Why are we here? Good question, huh? And one that we’ve (as humans) been talking about for probably about as long as we’ve been around. And as it turns out there seems to be a peek at an answer, at least to the scientific side of that question. Apparently there is an imbalance in the creation of matter and anti-matter as some of the basic building blocks decay. So as the Big Bang went boom, other matter / anti-matter collisions were happening and destroying those particles, but since there was more matter than anti-matter, we got the universe we have today which, for those not keeping score, is made up mostly of matter.
As a result we have this strange and wonderful place that we call SPACE to study, to speculate on, and to watch. In some cases even to capture our arch rival Anti-matter.
Studying such trapped atoms could help answer basic questions in physics, like why antimatter has disappeared from the natural universe while ordinary matter abounds in the stars, planets and galaxies. Theorists say both must have been created in equal amounts in the Big Bang.
I suppose one could ask, why do we care? I mean really, isn’t that the stuff of science fiction and not something that will result in anything that helps us out on Earth? I suppose it might seem that way, but then again maybe not. First, there could be a whole lot of Earths out there that are habitable, or possibly inhabited. That’s pretty cool and if we were to ever figure out this whole “how to travel really far and really fast” thing those places could help resolve population and resource issues. Other planets have been found pretty close by too, (astronomically speaking). Too far away? Ok how about the possibility of life on a moon of Saturn, Titan? Despite the presumably great views of Jupiter this might still be too far away huh?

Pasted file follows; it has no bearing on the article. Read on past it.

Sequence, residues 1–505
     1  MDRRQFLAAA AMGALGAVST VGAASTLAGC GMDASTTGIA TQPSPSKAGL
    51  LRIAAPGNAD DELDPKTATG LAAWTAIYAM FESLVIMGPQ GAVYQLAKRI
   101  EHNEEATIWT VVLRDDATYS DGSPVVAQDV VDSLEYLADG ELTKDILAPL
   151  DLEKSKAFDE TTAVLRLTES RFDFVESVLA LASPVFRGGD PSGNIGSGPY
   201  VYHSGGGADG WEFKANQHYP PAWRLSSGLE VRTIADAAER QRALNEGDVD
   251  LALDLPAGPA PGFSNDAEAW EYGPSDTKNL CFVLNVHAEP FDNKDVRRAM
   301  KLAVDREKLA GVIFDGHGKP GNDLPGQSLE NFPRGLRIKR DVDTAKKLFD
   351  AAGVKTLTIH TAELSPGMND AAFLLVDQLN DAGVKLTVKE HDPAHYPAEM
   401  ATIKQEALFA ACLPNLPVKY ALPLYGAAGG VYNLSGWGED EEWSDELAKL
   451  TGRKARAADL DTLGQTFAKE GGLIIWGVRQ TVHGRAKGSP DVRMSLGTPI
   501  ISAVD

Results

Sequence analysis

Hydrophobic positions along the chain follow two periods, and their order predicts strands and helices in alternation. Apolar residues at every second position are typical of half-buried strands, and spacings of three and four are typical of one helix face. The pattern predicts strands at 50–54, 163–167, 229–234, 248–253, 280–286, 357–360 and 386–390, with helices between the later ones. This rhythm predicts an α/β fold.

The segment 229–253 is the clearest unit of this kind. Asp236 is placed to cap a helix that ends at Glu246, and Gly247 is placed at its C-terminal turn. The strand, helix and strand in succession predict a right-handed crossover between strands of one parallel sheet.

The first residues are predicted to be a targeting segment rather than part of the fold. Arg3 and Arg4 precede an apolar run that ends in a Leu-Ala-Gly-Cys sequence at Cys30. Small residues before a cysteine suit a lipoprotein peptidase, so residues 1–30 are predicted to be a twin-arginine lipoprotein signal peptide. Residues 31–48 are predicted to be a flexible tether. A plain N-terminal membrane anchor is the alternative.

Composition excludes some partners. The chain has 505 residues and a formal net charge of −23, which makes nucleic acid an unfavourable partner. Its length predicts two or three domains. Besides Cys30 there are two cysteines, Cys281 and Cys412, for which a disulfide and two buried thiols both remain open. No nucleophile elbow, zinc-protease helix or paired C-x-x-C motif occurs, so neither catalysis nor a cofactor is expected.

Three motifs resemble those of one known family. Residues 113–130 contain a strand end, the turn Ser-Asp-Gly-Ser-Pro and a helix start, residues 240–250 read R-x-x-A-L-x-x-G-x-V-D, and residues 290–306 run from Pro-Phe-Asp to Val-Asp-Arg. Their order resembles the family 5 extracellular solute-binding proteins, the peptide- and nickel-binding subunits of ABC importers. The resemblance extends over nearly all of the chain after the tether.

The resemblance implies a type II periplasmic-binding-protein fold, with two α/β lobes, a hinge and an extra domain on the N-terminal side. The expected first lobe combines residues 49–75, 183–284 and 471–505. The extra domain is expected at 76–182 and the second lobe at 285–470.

So what about Mars having caves discovered on it? By a group of 7th graders. You’ve got to admit that’s pretty cool, if only because some 7th graders just went “In your face NASA!” Ok, really they said, “thanks” as the discovery was facilitated by a NASA educational program. They commissioned a priamry and backup photo to be used as a study for a class project.
But the backup photo provided another surprise: a small, round black spot. It was a hole on Mars leading into the buried cave, researchers said.
The students have submitted their site to be further imaged by the High Resolution Imaging Science Experiment (HiRISE) camera on NASA’s Mars Reconnaissance Orbiter, which could reveal enough detail to see inside the hole in the ground.
“The Mars Student Imaging Program is certainly one of the greatest educational programs ever developed,” Mitchell said. “It gives the students a good understanding of the way research is conducted and how that research can be important for the scientific community. This has been a wonderful experience.”
Or how about or closest neighbor the Moon having more water than the Sahara desert? That could come in handy and we can even get there if we so choose. And as these boundaries of science get further expanded we find the interesting, like Diamond Stars, the puzzling, and especially the beautiful and inspiring views. We begin to understand ourselves as we study Coments, once thought of as an omen, now we can see what they really are. We see our theories (E=MC^2) proving to be true and showing matter and energy are the same. The once magical thought of invisibility being shown it isn’t fantasy, but only difficult? Nice work science, but I’m still waiting on my flying car that folds up into a briefcase. 🙂
But perhaps the most important is finding out how our space based surroundings impact our world directly. I know it’s all theory, and still being looked at. But it does matter.